Microsoft CEO Steve Ballmer responded to calls for him to quit his position on Wednesday.
Ballmer spoke at a lunch time appearance at the Rotary Club of Seattle on Wednesday. “You tell me if I have the energy, conviction, passion … or drive,” Ballmer said to an audience member who questioned him on calls for him to quit Microsoft. Ballmer also expressed the importance of Windows. “You cut me open and saw what was inside: Windows. Windows. Windows. Windows,” Ballmer said in an audio recording obtained by GeekWire. “Our company was born on the back of Windows. Windows underpins a huge percentage of all of our success, all of our profitability, all of the important things that we do. So, how important is it? Very, would be a very fair answer.”
The Seattle Times reports that Ballmer appeared to discuss Microsoft’s earnings for the 2011 fiscal year. Microsoft is officially scheduled to report them on July 21:
“At Microsoft we believe in that opportunity. We’ve investing in those opportunities. We’re building the products that we hope are the difference makers. We’ve been very fortunate. We’ve made bets. We’ve built products. We’ve made the difference. There’s a reason why we’ll do almost $70 billion in revenue this year, and we’ll make over 20-whatever, $26-27 billion in profits. There are reasons — we made the right bets. And we’re making the bets for the future.”
Ballmers positive outlook on the company’s upcoming earnings would also explain why Microsoft’s stock price has steadily risen this week. peaking at nearly $26 compared to $24 a week ago. Ballmer also revealed what he sees as the future of computers. “No. 1, your computer will learn to recognize you, your voice, your fingers,” he said. Ballmer also focused on touchscreens and touch computing. “The second biggest thing I think is my computer will learn to understand me,” Ballmer said. “If I say to my administrative assistant, ‘Get me ready for my trip down to Rotary,’ she’s brilliant” and she knows to get him directions, notes and a biography of who he will be meeting with, he said. “If I go to my computer and say, ‘Get me ready for Rotary,’ it has no idea where to look.” Ballmer pointed towards Microsoft’s investments in Bing as part of the idea of better search.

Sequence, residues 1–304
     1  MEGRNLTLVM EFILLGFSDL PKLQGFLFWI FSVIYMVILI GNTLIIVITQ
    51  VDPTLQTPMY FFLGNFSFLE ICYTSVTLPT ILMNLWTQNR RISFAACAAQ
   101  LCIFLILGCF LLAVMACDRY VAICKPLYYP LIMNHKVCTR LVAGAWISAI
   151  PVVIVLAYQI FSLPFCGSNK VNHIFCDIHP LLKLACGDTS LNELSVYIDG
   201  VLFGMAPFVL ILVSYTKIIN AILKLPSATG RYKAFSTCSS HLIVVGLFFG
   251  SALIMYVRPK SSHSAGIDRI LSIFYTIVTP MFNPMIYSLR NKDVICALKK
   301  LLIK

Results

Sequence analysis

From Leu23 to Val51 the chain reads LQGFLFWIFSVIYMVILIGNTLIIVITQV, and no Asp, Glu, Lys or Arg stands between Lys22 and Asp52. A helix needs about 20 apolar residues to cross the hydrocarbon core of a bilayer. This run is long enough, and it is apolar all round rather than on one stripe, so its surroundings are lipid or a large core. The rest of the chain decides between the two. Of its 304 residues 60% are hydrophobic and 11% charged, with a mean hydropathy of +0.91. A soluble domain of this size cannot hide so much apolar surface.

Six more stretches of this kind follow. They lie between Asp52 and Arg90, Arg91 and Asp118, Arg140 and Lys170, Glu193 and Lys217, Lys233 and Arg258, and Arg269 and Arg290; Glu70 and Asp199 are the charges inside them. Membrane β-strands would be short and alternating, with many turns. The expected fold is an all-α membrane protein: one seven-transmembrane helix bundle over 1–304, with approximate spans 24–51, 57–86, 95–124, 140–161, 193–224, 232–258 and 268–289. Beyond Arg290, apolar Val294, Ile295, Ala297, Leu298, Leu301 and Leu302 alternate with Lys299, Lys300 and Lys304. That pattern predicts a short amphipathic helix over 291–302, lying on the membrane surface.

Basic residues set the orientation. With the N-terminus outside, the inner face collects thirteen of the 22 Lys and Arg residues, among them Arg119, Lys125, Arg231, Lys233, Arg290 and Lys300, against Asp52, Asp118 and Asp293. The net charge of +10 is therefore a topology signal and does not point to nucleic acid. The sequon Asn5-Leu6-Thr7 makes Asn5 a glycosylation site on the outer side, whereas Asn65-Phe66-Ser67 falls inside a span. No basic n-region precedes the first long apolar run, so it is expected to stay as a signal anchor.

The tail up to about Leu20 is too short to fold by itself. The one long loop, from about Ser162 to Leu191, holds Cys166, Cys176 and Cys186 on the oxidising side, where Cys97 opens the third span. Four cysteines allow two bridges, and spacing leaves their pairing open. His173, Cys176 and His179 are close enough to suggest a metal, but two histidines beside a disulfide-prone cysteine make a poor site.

Calls for Ballmer to be removed as CEO of Microsoft came initially from influential hedge fund manager David Einhorn. He called for Steve Ballmer to step down from Microsoft. “Give someone else a chance” said Einhorn. “His continued presence is the biggest overhang on Microsoft’s stock,” he added. Einhorn is the president of Greenlight Capital and an infamous short seller. The hedge fund manager has previous held short positions on Lehman Brothers and Allied Capital, both went bankrupt during the “credit crunch” woes.
Despite Einhorn’s words, Microsoft’s board stood by Steve Ballmer. Microsoft’s nine-person board, including Chairman and co-founder Bill Gates, supports Ballmer. A number of other investors have not shared Einhorn’s call for Ballmer to be removed. Microsoft’s stock has suffered since Ballmer has been in charge but most analysts and investors feel it would be a hard task to find someone adequate to replace him.
Update: Article corrected to accurately reflect Ballmer’s speech.